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Posted Nov 7, 2012
Scootie Randall has spent most of his five years at Temple with Ramone Moore, Michael Eric and Juan Fernandez. But the Owls’ starting small forward wasn’t able to play his senior season with his long-time teammates a year ago as a slow recovery from knee surgey kept him from ever feeling comfortable enough to take the court. Randall is finally healthy, ready to pick up where he left off.
Scootie Randall has spent most of his five years at Temple with
But the Owls’ starting small forward wasn’t able to play his senior season with his long-time teammates a year ago as a slow recovery from knee surgery kept him from ever feeling comfortable enough to take the court.
Randall is finally healthy, ready to pick up where he left off before he injured his right foot in a game against Richmond in 2010-2011. He never returned to top form that season, then was out all last year because of a slow recovery from knee surgery.
“I feel good, real good,” said Randall, who averaged 10.7 points and 4.7 rebounds per game as a junior and was Temple’s best on-the-ball defender. “I don’t pay the (knee) any mind.”
Randall started last season with the idea he would rejoin the lineup after a few weeks, but as Christmas arrived and he still wasn’t ready to play in games he decided to sit out the season. The tough part was not finishing his career with the other seniors who had come through the program with him.
“I knew after a while I wasn’t coming back, but it was hard for me to tell those guys (I wasn’t playing),” said Randall. “Meeting with Doc and not being able to put pressure on it. … was tough. I wanted to be out there, but for the most part I didn’t feel I was capable of being out there at that time.”
Randall did continue to practice throughout the season even as the knee continued to give him trouble. As long as he wasn’t setting himself back, the 6-foot-6 forward was able to practice despite discomfort.
“I still felt pain, but I knew those guys needed me out there,” said Randall. “I pushed myself to help those guys get better, even though I wasn’t fully healed. It was my duty to stay positive and keep those guys going.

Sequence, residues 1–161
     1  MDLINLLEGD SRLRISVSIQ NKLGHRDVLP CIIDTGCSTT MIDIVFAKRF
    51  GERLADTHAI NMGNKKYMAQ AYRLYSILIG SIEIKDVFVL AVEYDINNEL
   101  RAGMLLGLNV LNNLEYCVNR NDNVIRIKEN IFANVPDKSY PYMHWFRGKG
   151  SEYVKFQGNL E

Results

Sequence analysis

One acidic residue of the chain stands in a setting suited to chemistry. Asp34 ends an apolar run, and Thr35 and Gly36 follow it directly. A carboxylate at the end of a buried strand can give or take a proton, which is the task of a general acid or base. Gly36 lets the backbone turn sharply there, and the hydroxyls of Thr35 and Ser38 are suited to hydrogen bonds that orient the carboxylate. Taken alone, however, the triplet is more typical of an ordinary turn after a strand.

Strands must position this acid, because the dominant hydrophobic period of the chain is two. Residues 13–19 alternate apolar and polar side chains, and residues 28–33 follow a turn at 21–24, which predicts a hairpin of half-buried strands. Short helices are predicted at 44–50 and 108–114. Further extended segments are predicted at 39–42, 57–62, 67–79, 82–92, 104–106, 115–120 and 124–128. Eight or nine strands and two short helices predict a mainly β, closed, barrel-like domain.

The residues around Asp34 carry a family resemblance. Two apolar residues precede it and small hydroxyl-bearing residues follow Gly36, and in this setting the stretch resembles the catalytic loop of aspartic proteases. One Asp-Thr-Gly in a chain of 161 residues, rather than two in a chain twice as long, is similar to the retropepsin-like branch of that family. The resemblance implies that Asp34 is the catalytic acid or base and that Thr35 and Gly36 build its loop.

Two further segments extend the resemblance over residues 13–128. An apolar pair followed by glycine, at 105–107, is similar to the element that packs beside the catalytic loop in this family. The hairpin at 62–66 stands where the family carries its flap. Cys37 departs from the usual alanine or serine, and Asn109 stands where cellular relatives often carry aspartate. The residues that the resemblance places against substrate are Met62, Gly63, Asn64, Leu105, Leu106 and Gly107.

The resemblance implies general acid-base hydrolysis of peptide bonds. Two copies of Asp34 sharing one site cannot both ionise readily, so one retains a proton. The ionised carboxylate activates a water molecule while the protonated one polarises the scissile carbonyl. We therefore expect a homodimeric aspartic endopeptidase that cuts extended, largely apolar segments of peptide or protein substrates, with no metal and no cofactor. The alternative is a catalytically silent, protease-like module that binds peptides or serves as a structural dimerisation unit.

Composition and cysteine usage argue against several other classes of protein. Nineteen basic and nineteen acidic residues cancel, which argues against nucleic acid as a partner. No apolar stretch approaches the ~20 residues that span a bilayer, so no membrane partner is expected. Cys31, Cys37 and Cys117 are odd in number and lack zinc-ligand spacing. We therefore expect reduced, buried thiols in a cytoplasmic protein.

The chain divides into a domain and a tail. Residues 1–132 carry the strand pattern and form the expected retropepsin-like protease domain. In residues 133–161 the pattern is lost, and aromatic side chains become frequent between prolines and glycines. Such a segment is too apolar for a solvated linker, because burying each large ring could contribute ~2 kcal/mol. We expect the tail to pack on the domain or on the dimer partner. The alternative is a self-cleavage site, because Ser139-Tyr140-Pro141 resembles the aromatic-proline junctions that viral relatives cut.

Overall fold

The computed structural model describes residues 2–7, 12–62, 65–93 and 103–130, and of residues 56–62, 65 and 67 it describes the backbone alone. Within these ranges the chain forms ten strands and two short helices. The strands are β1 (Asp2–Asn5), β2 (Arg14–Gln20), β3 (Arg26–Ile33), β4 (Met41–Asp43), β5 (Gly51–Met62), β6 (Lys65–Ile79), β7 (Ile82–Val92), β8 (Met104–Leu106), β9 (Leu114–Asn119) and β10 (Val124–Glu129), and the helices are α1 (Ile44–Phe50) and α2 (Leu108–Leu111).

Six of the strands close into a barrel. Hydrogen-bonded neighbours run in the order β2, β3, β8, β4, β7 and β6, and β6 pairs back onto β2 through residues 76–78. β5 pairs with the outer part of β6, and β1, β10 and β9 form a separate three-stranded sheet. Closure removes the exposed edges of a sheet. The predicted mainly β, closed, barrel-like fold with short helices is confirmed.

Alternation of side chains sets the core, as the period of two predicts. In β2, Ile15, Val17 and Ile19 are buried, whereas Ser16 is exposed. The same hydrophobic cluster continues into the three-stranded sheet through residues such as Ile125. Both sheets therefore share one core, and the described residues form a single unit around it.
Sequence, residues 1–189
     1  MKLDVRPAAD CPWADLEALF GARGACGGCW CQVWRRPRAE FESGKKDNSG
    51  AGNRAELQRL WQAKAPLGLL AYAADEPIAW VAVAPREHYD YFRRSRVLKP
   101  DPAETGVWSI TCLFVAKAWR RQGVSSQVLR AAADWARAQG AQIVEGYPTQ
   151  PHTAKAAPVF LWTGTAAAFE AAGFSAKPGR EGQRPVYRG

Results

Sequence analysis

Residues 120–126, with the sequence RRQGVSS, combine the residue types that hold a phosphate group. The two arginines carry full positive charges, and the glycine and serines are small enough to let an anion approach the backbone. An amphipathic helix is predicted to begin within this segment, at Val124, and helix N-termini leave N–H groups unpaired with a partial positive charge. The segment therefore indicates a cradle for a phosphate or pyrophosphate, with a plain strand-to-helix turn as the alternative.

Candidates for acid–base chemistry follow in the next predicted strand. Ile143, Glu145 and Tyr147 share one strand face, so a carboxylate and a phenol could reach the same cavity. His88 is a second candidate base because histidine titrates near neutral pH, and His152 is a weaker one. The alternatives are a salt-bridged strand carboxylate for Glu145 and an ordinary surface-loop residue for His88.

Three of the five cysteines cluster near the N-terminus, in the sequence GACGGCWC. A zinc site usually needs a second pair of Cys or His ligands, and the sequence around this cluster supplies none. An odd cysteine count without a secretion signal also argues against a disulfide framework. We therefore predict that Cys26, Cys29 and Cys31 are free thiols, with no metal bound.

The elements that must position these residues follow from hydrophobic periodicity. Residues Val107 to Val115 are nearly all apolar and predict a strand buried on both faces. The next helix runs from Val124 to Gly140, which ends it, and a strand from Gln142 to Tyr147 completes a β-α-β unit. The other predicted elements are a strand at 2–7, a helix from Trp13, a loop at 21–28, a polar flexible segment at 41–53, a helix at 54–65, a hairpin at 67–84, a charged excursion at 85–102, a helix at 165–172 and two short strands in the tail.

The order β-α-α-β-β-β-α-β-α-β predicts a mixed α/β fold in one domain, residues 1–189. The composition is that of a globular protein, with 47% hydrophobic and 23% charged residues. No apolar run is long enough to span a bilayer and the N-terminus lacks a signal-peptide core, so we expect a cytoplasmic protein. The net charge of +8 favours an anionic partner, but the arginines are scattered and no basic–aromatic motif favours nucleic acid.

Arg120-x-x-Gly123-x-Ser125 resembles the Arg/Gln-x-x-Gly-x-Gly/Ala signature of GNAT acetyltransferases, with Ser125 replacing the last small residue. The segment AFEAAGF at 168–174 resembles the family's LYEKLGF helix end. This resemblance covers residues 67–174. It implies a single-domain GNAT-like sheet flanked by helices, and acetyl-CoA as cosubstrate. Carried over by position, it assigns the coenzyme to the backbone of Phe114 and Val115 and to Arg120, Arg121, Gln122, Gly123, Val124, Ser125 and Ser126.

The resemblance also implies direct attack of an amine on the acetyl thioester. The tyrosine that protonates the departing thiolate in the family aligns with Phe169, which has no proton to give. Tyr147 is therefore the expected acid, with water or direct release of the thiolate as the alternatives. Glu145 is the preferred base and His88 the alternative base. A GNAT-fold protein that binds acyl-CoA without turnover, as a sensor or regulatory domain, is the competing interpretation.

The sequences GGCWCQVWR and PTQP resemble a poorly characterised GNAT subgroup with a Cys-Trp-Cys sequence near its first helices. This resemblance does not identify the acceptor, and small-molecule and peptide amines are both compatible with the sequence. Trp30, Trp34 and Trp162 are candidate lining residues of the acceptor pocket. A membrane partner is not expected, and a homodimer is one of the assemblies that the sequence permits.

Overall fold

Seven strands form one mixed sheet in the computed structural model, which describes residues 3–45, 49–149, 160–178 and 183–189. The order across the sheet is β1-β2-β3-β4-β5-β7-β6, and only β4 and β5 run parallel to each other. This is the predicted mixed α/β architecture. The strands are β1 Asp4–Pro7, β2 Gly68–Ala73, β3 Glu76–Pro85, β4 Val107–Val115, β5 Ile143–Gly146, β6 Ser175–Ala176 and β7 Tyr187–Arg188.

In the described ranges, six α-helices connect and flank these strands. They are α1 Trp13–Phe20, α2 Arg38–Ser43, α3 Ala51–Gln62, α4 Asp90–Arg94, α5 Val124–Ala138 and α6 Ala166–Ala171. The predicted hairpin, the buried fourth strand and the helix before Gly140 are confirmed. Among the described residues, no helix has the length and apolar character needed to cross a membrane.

“I had to take responsibility and listen to what the coaches were telling us. I had to watch every aspect of the game and help those guys and help the coaches out, and I think it taught me a lot. Me being a leader, I had to take it in and give advice to those guys.”
Giving advice has never been a problem for Randall, whose leadership was evident when he joined the starting lineup as a junior.
“We need his experience, you get to have an opportunity to play somebody like that, it’s helping your team,” said coach Fran Dunphy. “He’s just got a toughness about him. He has no fear, he’ll get rebounds we didn’t get, be more physical on the opposition than we were at times and has jump-shooting ability we’ll need.”
While admitting it was a tough decision to not re-join the team last year, Randall knew it was the right one. After sitting most of his first two years as he struggled to crack the lineup, he has never played a full season with the Owls.
“It’s a little different with the play-around atmosphere and the bond we all had (with last year’s seniors), but those guys allowed me to say what I needed to say and took advice from me,” said Randall. “Now, Coach Dunph has a lot of younger guys in this program. The leadership we have as seniors play a a role in this program, and I made the best decision for me and those guys because they needed a leader like myself.”
Nov 8, 2012
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